"How often did he make deliveries?"
"Oh, probably twice a week, sometimes it was three times a week or more."
An alarm went off in O’Shay' head. "Why would he make that many deliveries in a week? What did he deliver to the home?" O’Shay was filled with questions. Something didn't feel right. His gut instinct screamed that there were more than just floral deliveries going on.
"I don't know why. I didn't deal with him, James did. He was the one who oversaw all that stuff." Pieces were starting to fall into place. O’Shay knew now that James was murdered because of something much bigger that went on. O’Shay looked at Sampson. They were thinking the same thing: talk to the delivery boy.
They thanked Mr. Neely for the information, told him they would keep him informed and left the hospital.
O’Shay pulled up in front of A&P Nursery. There were a few cars, but the delivery truck caught O’Shay attention. A kid, about seventeen, eighteen sat in the driver's seat; his sandy brown hair reached his shoulders. Hard rock music filled the air, as O’Shay noticed his head bobbing up and down to the music. He looked to be writing something, as they approached the truck. O’Shay tapped on the window. The kid rolled it down. O’Shay flashed his badge and the kid got out.
"Hi. My name is Detective Rick O’Shay and this is my partner, Matt Sampson." Sampson nodded his acquaintance. "We understand you make deliveries for A&P Nursery."
"Yeah..." He looked confused.
"We need to ask you a few questions. We understand you made deliveries to a James Neely Senior at 145th Cooper road in Scottsdale. You made the deliveries to someone named Manuel Felipe. He was the gardener for Mr. Neely." O’Shay stopped, waiting for recognition to surface. He stood there, thinking and then snapped his fingers.
"Oh...I think I remember now. Yeah, he had me deliver up to three times a week, to different places to. He always had large orders: trees, flowers, seed, and supplies that sort of thing. I don't know why, I just thought he had other jobs." O’Shay’s heart started racing. This was sounding more and more like a sting operation.
"Did he seem cautious about anything? Did you notice other people helping him with the orders?"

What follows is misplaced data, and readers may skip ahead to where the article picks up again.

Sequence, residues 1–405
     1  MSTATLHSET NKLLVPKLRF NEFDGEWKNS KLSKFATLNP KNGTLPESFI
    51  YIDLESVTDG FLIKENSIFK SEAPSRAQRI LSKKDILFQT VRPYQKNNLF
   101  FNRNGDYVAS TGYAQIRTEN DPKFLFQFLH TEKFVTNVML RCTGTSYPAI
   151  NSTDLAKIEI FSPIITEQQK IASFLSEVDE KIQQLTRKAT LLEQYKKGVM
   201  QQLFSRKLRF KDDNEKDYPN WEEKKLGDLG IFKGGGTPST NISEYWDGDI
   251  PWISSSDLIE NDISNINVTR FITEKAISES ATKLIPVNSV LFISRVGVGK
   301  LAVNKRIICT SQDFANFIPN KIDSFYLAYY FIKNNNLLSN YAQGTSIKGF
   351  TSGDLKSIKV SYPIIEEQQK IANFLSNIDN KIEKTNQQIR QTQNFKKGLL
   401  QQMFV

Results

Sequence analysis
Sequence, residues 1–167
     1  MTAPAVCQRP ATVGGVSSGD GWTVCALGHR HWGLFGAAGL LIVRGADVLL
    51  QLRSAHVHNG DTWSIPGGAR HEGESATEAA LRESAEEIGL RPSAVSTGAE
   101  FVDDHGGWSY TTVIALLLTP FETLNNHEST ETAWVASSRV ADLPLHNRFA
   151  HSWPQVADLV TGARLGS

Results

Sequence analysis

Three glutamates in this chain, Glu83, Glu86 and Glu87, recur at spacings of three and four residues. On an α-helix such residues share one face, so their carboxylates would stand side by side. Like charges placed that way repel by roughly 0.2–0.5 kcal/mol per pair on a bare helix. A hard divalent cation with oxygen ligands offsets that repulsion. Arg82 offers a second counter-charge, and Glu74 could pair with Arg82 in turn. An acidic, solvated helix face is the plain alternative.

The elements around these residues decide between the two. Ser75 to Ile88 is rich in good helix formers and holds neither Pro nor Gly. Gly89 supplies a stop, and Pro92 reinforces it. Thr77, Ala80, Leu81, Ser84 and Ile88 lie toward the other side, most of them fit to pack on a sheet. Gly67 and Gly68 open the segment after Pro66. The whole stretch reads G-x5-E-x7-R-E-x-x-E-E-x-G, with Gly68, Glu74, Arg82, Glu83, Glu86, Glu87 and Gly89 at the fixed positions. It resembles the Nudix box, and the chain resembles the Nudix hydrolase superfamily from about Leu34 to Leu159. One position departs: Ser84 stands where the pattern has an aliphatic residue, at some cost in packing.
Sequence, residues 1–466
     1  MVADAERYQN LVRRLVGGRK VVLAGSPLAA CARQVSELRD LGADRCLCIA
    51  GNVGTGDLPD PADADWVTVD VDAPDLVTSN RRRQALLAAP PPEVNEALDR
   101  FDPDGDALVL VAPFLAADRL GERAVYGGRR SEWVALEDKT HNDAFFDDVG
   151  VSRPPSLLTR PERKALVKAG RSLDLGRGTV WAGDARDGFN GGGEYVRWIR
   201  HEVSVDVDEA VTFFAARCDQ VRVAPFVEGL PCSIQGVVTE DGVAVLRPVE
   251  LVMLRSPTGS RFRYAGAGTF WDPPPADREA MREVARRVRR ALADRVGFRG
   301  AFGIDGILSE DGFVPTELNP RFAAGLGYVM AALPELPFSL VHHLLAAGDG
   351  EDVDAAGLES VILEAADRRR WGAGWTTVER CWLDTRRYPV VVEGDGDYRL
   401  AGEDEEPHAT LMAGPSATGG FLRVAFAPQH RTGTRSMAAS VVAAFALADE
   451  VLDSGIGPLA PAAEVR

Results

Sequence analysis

"Yeah, I think there were at least two or three men there helping bring plants and stuff in." The kid put his hands in his pocket. He seemed uncomfortable.
"One more question. We need those addresses, if you have them." Now the teenager looked confused. O’Shay read his mind. "Let's just say there might be something big going down, something that needs to be kept quiet. We would appreciate it if you kept this conversation between us, if you know what I mean. I would hate for you to get involved in something illegal and even deadly." The kid's face went pale and he stared at the cement.
"Yes sir." O’Shay thanked the teenager after he jotted down the addresses. There were several. O’Shay stared down at his watch. It was five-fifteen. He and Sampson had a long night ahead of them.
"So, do you think we will find this Manuel Felipe around here?" Sampson asked while they circled the street. They had already been to five. This was the last place. The first addresses were either in a back alley of some sort—which O’Shay thought was just a transfer place from one vehicle to the next—or empty warehouses. O’Shay guessed they were in use once upon a time, but were deserted now.
"I hope so. The chief has back up set to take him or more likely them down. There are only three houses along here." The address was located in a cul-de-sac; perfect, if you didn't want to stir up trouble. One of the houses occupied a blue metallic Monte Carlo and silver Beretta. A fifteen-foot speedboat sat at the side of the house.
"Let's stop here and watch the houses for a bit. Hopefully this Manuel Felipe either lives here or someone that does business with him." O’Shay turned the car off. It was past eight p.m. He hoped tonight they would do something. Time seemed to tick by slowly. After an hour, O’Shay yawned, looked at his watch and sighed.
"We might be here for a long time."
"I think you’re right." Sampson said.